Because we live in a country where temperatures can drop way below zero during the winter, we’re all the more excited to get outside and soak up the sun once the weather gets warmer—sometimes forgetting how dangerous those UV rays can be! According to a study conducted by the Public Health Agency of Canada, more than half of Canadians get at least one sunburn every summer. With the ozone layer getting thinner, we have no choice but to accept our natural skin colour, no matter how pale. It’s crucial to protect your skin before heading outside, but here are a few tips to help you treat sunburn if it’s already too late.
What is sunburn?
Mild sunburn? Soothe it!
As soon as you realize your skin has been burned, it’s very important to treat the affected region to help its regeneration. Apply a wash cloth soaked in cold water on your skin, followed by a light, fragrance-free moisturizer or after-sun lotion that contains aloe vera. Apply a thick layer of it and let it penetrate into your skin. However, avoid very heavy or creamy products, such as petroleum jelly (Vaseline) or butter; these substances trap moisture in, slowing down the healing process, and could even cause your skin to become infected. It’s equally important not to peel off the skin once it starts shedding; this slows down tissue regeneration and prolongs the sunburn.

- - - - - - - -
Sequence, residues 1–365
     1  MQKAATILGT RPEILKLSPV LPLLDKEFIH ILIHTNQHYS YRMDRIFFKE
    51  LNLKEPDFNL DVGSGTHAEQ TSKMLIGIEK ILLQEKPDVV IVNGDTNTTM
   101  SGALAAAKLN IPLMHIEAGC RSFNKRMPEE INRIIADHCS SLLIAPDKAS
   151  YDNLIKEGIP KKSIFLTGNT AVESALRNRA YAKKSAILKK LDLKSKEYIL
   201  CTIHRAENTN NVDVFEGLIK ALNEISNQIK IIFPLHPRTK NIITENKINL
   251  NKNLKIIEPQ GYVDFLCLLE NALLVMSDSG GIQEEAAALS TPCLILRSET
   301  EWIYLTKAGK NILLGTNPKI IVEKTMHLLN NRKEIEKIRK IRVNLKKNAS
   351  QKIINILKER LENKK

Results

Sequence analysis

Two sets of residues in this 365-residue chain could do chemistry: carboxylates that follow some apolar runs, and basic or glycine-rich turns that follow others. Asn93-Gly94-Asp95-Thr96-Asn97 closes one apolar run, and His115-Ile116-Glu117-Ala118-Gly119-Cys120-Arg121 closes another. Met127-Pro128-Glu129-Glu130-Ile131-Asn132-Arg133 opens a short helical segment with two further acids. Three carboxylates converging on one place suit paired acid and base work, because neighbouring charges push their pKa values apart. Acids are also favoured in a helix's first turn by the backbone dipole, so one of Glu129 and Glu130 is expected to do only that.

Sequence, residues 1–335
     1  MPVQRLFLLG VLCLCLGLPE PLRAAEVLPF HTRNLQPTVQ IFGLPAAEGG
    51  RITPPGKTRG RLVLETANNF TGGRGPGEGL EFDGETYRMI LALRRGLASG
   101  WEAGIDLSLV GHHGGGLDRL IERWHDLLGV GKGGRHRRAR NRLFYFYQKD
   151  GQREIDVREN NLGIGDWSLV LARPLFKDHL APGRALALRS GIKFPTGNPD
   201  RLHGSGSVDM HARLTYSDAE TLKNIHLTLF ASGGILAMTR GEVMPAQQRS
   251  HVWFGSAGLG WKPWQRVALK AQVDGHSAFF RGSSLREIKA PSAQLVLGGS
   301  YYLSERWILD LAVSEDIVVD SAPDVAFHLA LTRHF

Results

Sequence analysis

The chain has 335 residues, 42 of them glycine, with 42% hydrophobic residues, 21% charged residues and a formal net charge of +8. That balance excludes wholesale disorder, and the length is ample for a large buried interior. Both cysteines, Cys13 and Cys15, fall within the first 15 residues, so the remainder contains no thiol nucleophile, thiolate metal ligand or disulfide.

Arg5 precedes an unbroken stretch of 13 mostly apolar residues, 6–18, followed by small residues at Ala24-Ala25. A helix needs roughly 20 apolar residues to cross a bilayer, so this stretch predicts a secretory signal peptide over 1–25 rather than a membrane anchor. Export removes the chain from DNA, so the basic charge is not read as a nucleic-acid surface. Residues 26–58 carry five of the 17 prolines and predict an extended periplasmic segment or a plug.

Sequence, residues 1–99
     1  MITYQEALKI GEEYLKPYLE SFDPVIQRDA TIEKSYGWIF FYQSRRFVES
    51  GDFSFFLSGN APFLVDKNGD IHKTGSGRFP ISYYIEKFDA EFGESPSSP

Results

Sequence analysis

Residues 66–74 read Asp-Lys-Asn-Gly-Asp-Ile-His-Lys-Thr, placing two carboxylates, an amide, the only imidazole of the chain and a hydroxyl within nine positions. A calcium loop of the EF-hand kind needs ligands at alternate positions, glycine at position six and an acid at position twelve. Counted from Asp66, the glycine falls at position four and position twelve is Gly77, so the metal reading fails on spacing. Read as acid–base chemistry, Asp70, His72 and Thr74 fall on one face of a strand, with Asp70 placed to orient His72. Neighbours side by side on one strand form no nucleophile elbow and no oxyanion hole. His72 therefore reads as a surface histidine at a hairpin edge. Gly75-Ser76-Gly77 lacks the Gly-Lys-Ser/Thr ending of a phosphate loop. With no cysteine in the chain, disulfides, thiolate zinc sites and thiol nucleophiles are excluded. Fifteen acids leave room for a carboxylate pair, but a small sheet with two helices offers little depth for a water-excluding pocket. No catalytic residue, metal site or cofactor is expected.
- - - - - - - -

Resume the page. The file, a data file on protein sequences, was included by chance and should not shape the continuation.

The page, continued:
Wait at least three days before re-exposing your skin to the sun. If you must go outdoors, get the right gear to protect yourself; a cap with a large visor, oversized sunglasses, long trousers and closed shoes (no sandals or flip flops). Forget how you look—at least, you’ll be out of harm’s (and the sun’s) way!
Severe sunburn? Take action!
Severe sunburn is also prone to infection, so before applying any cream or lotion, make sure to wash the area with soap and water. Stay in a cool place and drink lots of water to avoid sunstroke. Before getting dressed, sprinkle on a bit of talcum powder to soothe irritation caused by the friction of fabric against your skin.
To soothe the burning sensation, soak the affected area of your skin in cool (not icy cold) water, or apply a cold, damp washcloth to it for 15 minutes. You can also take ibuprofen (Advil) or acetaminophen (Tylenol) tablets to help with the pain. Before going to bed, run a bath and add ½ cup of baking soda, corn starch or oat flower to it; this will help reduce the redness and burn.